Amendment to CISA: U.S. courts could pursue foreigners for crimes abroad against other foreigners

A controversial amendment to an already-controversial cybersecurity bill will allow U.S. courts to pursue, convict, and jail foreign nationals in cases in which these foreigners committed crimes against other foreigners on foreign soil.

The amendment to the Cybersecurity Information Sharing Act (CISA) cleared a key Senate hurdle on Thursday. It aims to lower the barrier for prosecuting crimes committed abroad. Senator Sheldon Whitehouse (D-Rhode Island) proposed the amendment. The amended law would threaten those who steal credit information or passwords of American citizens – but also those who, without authorization, take information from any American company, anywhere in the world – with jail time in an American prison.

The Guardian notes that this means, for example, that if a French national hacks a Spanish national’s MasterCard, she could be sent to ten years in an American prison under the amended CISA – because MasterCard is a U.S. company.

American privacy advocates have harshly criticized CISAAccording to theElectronic Frontier FoundationCISA would broaden computer fraud laws, laws which were used to prosecute Aaron Swartz for downloading articles from JSTOR, the digital library of academic journals.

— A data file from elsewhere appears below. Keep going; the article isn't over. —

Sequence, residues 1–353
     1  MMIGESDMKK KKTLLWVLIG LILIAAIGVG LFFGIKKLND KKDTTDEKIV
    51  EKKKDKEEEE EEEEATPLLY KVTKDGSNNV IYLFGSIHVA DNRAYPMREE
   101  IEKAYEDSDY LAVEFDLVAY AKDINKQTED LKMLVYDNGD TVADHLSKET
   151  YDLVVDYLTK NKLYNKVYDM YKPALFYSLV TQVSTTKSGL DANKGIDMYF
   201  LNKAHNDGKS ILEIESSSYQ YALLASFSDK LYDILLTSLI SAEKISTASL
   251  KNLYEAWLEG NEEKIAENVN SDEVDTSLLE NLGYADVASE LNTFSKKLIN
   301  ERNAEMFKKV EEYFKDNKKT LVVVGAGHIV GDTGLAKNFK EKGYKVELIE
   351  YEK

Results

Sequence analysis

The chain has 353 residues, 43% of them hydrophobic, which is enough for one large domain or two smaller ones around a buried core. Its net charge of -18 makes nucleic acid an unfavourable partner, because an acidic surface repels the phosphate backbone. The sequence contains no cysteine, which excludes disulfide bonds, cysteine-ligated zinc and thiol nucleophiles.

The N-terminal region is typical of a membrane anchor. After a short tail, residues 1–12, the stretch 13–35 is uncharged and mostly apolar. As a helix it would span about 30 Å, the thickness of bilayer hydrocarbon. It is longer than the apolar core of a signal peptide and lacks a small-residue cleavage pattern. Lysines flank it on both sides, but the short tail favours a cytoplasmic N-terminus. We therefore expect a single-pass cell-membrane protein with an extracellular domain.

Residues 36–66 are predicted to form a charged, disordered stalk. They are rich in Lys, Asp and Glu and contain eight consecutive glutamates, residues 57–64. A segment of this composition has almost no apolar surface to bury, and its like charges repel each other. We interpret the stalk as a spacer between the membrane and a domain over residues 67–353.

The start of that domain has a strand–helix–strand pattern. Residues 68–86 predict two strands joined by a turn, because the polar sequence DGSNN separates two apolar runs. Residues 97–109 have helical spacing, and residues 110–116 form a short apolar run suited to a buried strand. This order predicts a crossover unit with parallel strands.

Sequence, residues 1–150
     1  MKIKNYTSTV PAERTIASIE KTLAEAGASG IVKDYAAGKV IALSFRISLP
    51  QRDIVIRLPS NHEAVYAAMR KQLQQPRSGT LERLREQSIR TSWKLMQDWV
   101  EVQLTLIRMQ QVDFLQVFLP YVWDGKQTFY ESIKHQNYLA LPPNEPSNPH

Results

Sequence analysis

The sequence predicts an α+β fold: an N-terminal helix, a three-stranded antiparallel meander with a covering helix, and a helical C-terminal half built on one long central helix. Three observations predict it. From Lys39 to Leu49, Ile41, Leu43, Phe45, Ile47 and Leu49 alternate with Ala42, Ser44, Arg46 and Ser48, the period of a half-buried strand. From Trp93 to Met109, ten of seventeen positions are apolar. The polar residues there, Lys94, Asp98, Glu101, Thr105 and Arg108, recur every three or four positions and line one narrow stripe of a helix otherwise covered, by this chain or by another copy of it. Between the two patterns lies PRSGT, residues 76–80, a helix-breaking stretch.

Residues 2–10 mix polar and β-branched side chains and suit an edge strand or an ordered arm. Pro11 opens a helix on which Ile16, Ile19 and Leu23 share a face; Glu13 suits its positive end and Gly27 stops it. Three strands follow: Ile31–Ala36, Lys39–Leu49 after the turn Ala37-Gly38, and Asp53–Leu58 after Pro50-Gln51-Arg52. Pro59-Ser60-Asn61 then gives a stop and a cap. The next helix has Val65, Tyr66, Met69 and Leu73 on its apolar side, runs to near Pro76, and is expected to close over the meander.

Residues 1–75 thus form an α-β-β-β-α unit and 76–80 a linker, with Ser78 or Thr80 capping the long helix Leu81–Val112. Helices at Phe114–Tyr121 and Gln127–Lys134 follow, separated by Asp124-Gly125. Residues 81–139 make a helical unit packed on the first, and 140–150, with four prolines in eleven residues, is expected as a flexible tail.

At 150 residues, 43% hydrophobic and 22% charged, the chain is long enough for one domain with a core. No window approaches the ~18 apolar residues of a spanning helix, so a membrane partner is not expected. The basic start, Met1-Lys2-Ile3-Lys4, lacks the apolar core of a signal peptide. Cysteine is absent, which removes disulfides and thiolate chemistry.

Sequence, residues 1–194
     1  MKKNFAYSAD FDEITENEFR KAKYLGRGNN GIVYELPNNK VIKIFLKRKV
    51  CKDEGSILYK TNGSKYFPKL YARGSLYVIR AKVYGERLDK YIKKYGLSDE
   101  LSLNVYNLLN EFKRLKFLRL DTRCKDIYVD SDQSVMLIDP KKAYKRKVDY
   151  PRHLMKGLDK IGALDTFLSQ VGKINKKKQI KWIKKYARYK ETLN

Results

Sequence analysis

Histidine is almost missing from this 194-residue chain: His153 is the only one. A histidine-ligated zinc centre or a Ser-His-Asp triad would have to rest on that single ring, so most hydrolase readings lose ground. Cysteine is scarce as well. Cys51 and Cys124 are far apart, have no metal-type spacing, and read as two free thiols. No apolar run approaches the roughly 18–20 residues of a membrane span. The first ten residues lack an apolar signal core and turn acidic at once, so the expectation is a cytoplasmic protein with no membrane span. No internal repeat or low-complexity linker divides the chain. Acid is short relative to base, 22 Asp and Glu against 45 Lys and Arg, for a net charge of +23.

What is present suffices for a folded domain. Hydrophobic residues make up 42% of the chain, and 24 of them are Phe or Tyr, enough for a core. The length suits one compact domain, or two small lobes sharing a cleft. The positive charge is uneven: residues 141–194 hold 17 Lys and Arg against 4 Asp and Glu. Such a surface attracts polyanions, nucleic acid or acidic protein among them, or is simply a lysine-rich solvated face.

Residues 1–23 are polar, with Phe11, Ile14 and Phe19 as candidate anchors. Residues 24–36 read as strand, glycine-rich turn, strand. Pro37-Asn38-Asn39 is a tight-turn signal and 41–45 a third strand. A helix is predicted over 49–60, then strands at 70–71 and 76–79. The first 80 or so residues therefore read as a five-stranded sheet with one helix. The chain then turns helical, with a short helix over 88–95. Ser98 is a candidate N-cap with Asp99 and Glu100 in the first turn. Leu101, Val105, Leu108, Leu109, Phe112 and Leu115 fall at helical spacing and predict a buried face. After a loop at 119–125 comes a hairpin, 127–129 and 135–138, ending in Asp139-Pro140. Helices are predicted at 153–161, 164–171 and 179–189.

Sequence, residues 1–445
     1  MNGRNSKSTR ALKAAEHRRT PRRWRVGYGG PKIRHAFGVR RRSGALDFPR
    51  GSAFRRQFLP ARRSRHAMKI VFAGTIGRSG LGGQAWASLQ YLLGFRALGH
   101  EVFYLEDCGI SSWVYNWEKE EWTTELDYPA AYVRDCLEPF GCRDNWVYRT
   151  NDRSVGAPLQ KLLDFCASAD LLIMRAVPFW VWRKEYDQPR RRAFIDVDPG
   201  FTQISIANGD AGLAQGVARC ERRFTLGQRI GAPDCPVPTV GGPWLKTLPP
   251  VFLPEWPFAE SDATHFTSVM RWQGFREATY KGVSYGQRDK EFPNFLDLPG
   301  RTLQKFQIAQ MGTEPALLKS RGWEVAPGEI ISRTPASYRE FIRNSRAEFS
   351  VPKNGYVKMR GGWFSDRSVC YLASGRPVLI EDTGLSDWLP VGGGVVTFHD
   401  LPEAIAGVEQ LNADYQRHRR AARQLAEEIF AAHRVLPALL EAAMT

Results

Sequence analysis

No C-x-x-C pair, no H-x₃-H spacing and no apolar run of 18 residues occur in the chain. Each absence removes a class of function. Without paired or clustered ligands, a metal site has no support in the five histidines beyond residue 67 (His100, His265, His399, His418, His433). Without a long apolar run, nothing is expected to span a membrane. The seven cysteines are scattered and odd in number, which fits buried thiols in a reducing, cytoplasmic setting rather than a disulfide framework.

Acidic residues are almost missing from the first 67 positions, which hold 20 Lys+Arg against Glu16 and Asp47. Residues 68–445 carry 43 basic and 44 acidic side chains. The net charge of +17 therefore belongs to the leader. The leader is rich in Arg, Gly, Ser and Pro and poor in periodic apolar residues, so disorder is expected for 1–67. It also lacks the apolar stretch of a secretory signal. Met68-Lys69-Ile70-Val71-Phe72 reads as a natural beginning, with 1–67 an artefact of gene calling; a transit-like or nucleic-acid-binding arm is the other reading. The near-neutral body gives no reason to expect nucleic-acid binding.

Gabe Rottman, legislative counsel and policy advisor for the American Civil Liberties Union (ACLU), said that “The White House folks have been pretty clear that that’s what they’re trying to do, ease prosecutions for trafficking when the assets are held abroad.”

CISA aims to create a reporting system for private industry which would allow any company with a digital record of consumer behavior to send “cyber threat indicators” to the Department of Homeland Security. DHS is then required to pass the information on the FBI and the director of national intelligence, to whom the director of the CIA and other U.S.intelligence agencies report.

DHS has publicly expressed the department’s unease with CISA, saying the bill could sweep away “important privacy protections.” Leading U.S. tech companies also object to the bill, calling for it to be rewritten or scrapped. The bill would also exempt the information companies share with DHS from the Freedom of Information Act. Senator Rand Paul (R-Kentucky) proposed an amendment to the bill which would disallow CISA to override user agreements between companies and their customers. The amendment failed on a 32-65 vote.

Senator Richard Burr (R-North Carolina), co-sponsor of CISA with Senator Dianne Feinstein (D-California), said he would not allow any more amendments to the bill, which clears the way for a vote on the Senate floor next week.

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